The research planned in KISSKI is designed to increase efficiency in the use of the service centre’s infrastructure and to empower users to apply AI. The research is divided into four interrelated research themes and supports the service centre: where research is successful, emerging prototypes will be taken up and integrated into the services to further improve them.
Scalable AI training and highly available inference for sensitive data
The scaling of time-critical AI models is particularly important in the operational management and planning of energy grids, in energy trading and in acute medical diagnostic tasks. Reliable adherence to a promised time to completion (TTC) during inference is crucial.
Semi-automatic scaling of AI models
Big data is the key to good AI models. However, machine learning workflows are often developed by users for smaller data sets on a workstation. Moving from a single workstation to efficient parallel training in a high-performance computer is a challenge. SMEs are also at a competitive disadvantage here, as processing large amounts of data is cost-intensive. They are particularly dependent on cost-effective strategies for learning from large data sets. For this purpose, basic model properties, such as the network architecture of deep learning models, are investigated and their performance, resource requirements and interpretability are estimated, and model hyperparameters are defined.
Exploiting heterogeneous hardware for AI models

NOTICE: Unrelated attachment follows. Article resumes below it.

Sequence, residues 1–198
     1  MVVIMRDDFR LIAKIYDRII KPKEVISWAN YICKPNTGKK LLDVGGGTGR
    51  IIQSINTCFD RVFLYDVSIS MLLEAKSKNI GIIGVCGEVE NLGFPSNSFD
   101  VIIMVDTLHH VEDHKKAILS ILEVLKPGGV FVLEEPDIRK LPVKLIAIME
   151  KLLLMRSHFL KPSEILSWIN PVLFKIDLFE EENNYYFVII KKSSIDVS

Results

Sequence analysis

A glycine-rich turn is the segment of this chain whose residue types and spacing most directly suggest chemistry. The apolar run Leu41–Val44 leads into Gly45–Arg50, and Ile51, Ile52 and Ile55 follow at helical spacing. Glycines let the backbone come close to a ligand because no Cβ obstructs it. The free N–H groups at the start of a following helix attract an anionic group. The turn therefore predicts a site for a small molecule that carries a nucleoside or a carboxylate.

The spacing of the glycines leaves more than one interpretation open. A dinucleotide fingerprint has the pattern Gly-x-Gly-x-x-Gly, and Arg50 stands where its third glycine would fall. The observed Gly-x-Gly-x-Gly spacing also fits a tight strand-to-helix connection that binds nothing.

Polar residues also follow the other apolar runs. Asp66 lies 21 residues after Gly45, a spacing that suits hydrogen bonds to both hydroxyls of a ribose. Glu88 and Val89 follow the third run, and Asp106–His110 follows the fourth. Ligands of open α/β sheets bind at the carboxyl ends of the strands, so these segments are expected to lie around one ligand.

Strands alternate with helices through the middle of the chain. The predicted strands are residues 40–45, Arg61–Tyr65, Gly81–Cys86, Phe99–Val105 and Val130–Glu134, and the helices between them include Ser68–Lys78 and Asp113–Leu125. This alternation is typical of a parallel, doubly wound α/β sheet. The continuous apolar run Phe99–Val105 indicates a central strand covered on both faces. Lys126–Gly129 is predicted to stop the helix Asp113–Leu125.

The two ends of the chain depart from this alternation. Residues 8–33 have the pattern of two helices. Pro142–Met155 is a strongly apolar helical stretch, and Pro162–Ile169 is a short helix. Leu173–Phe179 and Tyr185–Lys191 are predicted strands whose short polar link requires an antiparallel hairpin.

GPUs provide an efficient parallel architecture for training and inference and are therefore widely used in the exploitation of AI models. However, there are other architectures, such as Graphcore accelerators, FPGA or Google TPU, which are more efficient in many cases. Neuromorphic chips like Intel’s Loihi promise further efficiency gains with low power consumption. For a comparison, simply porting an AI workflow to different architectures is time-consuming and does not always lead to a fair result. Often, improvements are possible through further adaptations, e.g. with FPGAs, computational accuracy can be traded off for speed. Neuromorphic systems, on the other hand, require specially adapted algorithms that make it much more difficult for users to get started, but enable significant improvements in energy consumption and training and inference times.
Secure and efficient data management
Managing training data is challenging because of its properties (5-Vs: Volume, Velocity, Variety, Veracity, Value). It is desirable to have a central data infrastructure with data governance to ensure quality, integrity and security (data protection, confidentiality) of the stored data, as well as compliance with the FAIR principles (findable, accessible, interoperable, re-usable), whereby users gain data sovereignty over their multimodal data and time series. Instead, a project-specific and often minimalist tool solution is typically used. This leads to data silos and makes the exchange of data drastically more difficult. The particular challenge in KISSKI is that simple and efficiently scalable access for authorised users must go hand in hand with the necessary protection against unauthorised access. KISSKI data governance must therefore establish a workflow that enables secure and scalable data processing based on current encryption technologies and dynamically allocatable, isolated computing nodes.